Boost Your Balance
Prevent Falls with Balance Training
Every year, one in three people over age 60 experience a fall. The good news is many falls can be avoided with exercises designed to improve balance. Balance training teaches your brain how to quickly activate the right muscles at the right times, pulling your body in the right direction to keep you upright and avoid falls. These sweat-free moves train the brain more than work your muscles. You only need a sturdy chair and just minutes a day to keep your body in balance.
What is balance?
Healthy, functional movement depends on a harmonious relationship between the joints, the muscles, and the central nervous system (the brain). Muscles and joints don't work unless the brain gives them the proper signals. Regular practice of balance exercises stimulates and enhances your body-brain communication.
Relax your arms at your sides and slowly roll your shoulders back in a circular motion. Breathe deeply and enjoy the sensation of the movement.
Do 10 -12 repetitions.
Seated Shoulder Reach
Adapted from the practice of tai chi, this exercise enhances the awareness of your breath. It also lubricates the shoulder joints and sets the spine into neutral. It's a great way to warm up for the following exercises.
A. From a seated position, extend both arms in front of your body, lightly resting your hands on your knees. Don't lean forward; your shoulders should stay relaxed and lowered.
B. Inhale as you raise your arms and hands in front of you up to shoulder height, then exhale as you return them to starting position.
Do 4-6 repetitions.
C. Next, relax your arms and hands by your sides.
D. Slowly raise your arms outward to shoulder height. Continue to breathe with each repetition.
Do 4- 6 repetitions.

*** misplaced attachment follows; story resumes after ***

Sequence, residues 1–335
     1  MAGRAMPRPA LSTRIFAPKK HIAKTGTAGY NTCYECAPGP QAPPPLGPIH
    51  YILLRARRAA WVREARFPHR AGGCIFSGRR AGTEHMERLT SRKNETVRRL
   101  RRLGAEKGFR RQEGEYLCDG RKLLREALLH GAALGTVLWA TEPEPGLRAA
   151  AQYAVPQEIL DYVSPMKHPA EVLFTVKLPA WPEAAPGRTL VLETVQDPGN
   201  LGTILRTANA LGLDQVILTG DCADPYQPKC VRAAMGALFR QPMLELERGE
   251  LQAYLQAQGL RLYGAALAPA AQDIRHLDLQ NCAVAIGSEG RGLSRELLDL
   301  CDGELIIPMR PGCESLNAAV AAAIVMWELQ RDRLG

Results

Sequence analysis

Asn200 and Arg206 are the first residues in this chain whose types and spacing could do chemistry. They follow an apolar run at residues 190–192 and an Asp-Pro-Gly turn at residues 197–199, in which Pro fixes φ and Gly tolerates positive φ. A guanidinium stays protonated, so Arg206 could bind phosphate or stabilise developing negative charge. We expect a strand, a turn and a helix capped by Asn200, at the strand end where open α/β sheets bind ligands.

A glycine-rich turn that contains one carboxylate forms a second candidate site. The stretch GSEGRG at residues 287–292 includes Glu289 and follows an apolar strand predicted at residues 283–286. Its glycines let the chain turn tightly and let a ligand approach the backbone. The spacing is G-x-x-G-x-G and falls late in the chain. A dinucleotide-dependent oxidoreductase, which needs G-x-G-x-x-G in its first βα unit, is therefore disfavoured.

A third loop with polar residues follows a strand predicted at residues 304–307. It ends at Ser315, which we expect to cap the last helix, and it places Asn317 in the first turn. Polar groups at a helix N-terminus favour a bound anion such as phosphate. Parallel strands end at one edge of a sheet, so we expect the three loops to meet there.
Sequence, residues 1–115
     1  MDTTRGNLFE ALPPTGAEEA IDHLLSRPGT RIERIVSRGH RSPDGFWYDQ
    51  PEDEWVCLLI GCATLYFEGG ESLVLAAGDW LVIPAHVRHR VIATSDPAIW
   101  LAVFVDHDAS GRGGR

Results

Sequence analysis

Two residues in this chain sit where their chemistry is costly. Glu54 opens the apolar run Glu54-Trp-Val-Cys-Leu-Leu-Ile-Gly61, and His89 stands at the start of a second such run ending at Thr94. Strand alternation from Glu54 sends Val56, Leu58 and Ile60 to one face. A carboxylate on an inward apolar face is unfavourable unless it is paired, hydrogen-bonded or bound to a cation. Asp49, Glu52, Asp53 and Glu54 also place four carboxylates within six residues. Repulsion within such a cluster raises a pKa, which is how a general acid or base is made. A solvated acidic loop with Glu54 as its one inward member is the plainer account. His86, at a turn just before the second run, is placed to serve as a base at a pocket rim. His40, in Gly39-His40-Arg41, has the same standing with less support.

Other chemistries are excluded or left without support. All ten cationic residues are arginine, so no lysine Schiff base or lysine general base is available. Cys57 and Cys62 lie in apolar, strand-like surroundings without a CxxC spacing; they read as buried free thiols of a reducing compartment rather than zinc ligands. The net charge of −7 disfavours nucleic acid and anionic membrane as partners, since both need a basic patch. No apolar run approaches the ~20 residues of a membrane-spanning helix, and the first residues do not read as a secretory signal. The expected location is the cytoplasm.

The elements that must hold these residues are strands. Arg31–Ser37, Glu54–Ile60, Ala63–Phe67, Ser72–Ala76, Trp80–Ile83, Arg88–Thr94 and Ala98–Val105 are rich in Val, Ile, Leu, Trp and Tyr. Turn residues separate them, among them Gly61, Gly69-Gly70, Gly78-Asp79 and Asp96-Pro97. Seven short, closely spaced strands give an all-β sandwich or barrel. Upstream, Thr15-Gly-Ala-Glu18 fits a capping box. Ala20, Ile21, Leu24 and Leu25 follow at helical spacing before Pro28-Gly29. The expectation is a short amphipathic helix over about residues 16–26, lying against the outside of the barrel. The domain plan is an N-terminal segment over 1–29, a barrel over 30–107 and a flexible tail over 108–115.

Blind Leg Lift
Sit toward the front edge of a sturdy chair; hold on to the sides of the chair for additional support. Using your hips and stomach to control your movement, slowly lift one foot 12 inches off the floor with your eyes closed and knees bent. Hold the position for 3-5 seconds, balancing your body square in the seat of the chair. Slowly lower the leg; repeat with the other leg.
Do 4-6 repetitions.
Advanced move: Perform this exercise from a standing position to work your hip and stomach muscles even more.
Seated Step Touch
A. Sit toward the front edge of a sturdy chair with both feet planted firmly on the floor. Hold on to the sides of the chair for additional support.
B. Step your feet to one side, one at a time, planting each foot firmly on the ground. Then step each foot back to the starting position.
C. Step your feet to the opposite side, then return to start.
Do 8-10 repetitions.
It might seem like your legs are doing all the work when you sit and stand, but a strong core, including back and abdominal muscles, helps you move more smoothly and gently.
The squat exercise strengthens leg muscles and helps you move your body into and out of a seated position.
Start in a standing position with a sturdy chair directly behind you. Slowly lower your body onto the chair by flexing the knees and hips, controlling the rate at which your body falls back onto the seat of the chair. Once you are seated, stand up by stepping one foot slightly underneath the chair, as shown. Place your hand on the knee of the opposite leg, and use the leverage of your stepped-back foot to raise your body.
Repeat, alternating legs. Do 8-10 repetitions.
Shuffling feet when walking is a leading cause of falls. The following exercise practices planting your feet firmly on the floor and shifting your weight from the back foot to the front foot.
A. Stand with your feet together and slowly step forward with your left foot, loading your weight onto the back foot while flexing the back knee.
B. Now shift your body weight to the front foot, rocking your body weight from the back to the front. Keep your head up, torso erect, and leg muscles contracted to support the body.
Do 10-15 repetitions. Switch the leading leg. Do another 10-15 repetitions.
Traveling Side Steps
This exercise improves sideways motion. Start by stepping four times to one side, taking large steps with purpose. Keep your head and torso upright and facing forward. Raise the leading foot off the floor (don't shuffle) and adjust your body weight onto the leading foot as you bring your feet together. Then take four side steps to the opposite side.
Do 10-15 repetitions on each side.
Advanced move: Cross the front foot over the back and then cross the back foot over the front as you step. This series of moves helps train your brain and muscles to work together on demand.